Sweet Forgiveness

Recently I came across a quote which prompted thoughts about what we accomplish as we get past the ‘stuff’ of childhood we drag into our adult life:

“My mother didn’t touch me, but you can’t give what you didn’t get. ~ Maria Shriver

Why has it taken me most of my life to understand parents as fallible human beings rather than the perfect archetypal models my Inner Child yearns for? Don’t I already understand that a lack of forgiveness only hurts me in the end? Of course I do. Now.

It was pivotal when I comprehended forgiveness as a two-way street. I thought absolving another was an offering, my own noble gesture to another. It seemed a thankless task, then, when crushed expectations boomeranged that gift back into my own lap. It took me years to discover the root of forgiveness arising organically from a combination of spiritual desire, cerebral understanding, and a heart longing to be free from the burdens of recurring disappointment and perpetual sadness.

I was not a happy child, though I pretended to be upbeat to fit in. If I could garner recognition and acceptance from others, that elusive prop of ego known as I must exist. In fact for years I felt as though I only lived for others, as if the mirror in another’s eyes would reflect my precious heart back to me. Then I could begin to love myself enough to justify my life, such as it was.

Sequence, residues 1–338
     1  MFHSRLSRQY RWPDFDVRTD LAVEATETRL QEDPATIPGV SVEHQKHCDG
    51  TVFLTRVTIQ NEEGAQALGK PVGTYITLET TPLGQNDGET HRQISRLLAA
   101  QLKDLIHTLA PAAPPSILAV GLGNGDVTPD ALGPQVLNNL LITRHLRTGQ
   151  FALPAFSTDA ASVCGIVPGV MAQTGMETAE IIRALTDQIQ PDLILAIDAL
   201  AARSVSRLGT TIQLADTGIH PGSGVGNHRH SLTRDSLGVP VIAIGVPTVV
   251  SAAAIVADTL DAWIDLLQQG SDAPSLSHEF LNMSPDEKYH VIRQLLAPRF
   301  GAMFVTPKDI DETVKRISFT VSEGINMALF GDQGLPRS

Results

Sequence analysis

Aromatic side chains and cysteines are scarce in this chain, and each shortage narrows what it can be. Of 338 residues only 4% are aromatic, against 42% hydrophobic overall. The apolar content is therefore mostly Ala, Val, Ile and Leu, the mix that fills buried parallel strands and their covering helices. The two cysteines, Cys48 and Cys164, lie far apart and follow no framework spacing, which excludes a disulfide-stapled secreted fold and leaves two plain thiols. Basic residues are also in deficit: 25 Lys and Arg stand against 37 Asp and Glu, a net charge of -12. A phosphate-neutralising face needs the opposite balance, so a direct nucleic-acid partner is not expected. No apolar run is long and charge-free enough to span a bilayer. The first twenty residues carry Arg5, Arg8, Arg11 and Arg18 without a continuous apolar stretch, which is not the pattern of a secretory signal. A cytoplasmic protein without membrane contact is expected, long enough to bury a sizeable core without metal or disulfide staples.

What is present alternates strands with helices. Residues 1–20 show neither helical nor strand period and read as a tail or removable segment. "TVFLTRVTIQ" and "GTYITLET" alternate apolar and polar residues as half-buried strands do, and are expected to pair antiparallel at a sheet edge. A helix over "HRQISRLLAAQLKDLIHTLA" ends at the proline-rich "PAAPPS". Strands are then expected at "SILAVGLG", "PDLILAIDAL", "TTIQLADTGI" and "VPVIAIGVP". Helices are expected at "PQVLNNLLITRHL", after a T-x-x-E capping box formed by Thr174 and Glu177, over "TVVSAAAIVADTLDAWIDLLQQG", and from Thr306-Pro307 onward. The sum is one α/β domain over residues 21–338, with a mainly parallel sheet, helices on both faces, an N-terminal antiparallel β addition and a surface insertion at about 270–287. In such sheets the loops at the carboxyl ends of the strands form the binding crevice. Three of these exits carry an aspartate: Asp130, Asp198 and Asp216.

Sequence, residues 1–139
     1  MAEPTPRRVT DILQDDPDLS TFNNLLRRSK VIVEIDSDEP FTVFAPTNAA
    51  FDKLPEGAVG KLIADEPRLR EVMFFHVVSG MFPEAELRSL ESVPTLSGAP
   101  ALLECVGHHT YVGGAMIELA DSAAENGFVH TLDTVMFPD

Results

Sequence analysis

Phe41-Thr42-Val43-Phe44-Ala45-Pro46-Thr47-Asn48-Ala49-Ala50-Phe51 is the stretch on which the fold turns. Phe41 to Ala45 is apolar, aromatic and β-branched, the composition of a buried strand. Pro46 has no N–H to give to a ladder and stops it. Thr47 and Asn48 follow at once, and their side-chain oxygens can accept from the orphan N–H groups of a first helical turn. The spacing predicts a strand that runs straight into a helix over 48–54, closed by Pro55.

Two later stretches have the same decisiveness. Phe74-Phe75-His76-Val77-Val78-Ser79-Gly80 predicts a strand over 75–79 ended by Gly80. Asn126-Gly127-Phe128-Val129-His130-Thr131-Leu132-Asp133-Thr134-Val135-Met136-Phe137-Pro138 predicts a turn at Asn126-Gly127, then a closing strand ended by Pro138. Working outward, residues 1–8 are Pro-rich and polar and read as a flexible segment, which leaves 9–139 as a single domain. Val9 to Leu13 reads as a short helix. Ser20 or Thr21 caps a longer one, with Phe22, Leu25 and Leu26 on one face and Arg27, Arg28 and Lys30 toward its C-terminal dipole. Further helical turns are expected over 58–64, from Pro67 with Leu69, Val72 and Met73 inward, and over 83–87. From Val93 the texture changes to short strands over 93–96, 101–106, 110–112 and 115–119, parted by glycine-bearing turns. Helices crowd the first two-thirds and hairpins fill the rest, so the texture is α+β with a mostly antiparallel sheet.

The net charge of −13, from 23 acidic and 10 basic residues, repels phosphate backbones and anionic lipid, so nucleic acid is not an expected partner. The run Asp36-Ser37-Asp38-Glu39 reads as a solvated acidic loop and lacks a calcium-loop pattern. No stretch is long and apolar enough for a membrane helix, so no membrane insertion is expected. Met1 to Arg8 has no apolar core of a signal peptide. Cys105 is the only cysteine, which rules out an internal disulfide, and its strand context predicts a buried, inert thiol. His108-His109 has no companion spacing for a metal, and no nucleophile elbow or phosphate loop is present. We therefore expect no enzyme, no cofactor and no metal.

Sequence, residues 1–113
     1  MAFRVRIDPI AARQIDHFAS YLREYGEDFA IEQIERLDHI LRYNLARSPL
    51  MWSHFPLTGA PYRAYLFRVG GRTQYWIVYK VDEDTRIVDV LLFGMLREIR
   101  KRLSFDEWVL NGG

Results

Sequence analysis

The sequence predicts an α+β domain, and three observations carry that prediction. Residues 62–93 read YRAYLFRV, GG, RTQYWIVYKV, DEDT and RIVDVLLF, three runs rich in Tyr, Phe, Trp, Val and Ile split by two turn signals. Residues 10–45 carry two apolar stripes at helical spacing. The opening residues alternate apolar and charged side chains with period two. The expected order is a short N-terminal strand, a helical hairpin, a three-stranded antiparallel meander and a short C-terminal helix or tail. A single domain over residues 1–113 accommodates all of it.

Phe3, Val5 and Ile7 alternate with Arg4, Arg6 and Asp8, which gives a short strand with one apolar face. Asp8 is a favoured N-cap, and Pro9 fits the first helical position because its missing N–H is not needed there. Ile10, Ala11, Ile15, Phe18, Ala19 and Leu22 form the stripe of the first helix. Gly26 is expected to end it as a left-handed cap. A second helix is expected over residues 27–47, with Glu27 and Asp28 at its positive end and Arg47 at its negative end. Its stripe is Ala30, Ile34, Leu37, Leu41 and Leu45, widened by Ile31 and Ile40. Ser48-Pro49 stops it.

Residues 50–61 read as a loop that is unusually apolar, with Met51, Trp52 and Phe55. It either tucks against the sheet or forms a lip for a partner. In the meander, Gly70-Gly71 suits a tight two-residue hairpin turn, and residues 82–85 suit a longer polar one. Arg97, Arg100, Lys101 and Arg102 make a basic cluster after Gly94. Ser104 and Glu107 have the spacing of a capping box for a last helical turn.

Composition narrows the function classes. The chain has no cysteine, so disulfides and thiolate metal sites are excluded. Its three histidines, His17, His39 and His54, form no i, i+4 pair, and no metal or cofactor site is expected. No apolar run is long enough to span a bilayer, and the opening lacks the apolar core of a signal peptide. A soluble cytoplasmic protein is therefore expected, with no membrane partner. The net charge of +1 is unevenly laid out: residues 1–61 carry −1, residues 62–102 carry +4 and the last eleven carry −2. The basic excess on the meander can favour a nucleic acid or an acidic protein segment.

I always felt like an impostor well into my forties, if not fifties. Cynical about all things including happiness, you couldn’t have told me anything different. Like most human beings, I needed to learn the hardest lessons myself, experiencing enough adversity that the messages finally stuck. As I acknowledged my own suffering, it became easier to empathize with all living things following a similar directive to survive and thrive.

Finally what arises quite naturally these days is the desire that all beings discover clarity of heart, encouraging a dissolution of anger and acrimony. We all possess history that we either learn from or are unable, for whatever reason, to rise above. Perpetuating a state of antipathy and confusion cripples us emotionally, poisoning others we might least wish to harm. Forgiveness is key to unlocking many liberties, not the least of which is the freedom to express more fully that which our inner nature has ever intended.

6 comments on “Sweet Forgiveness”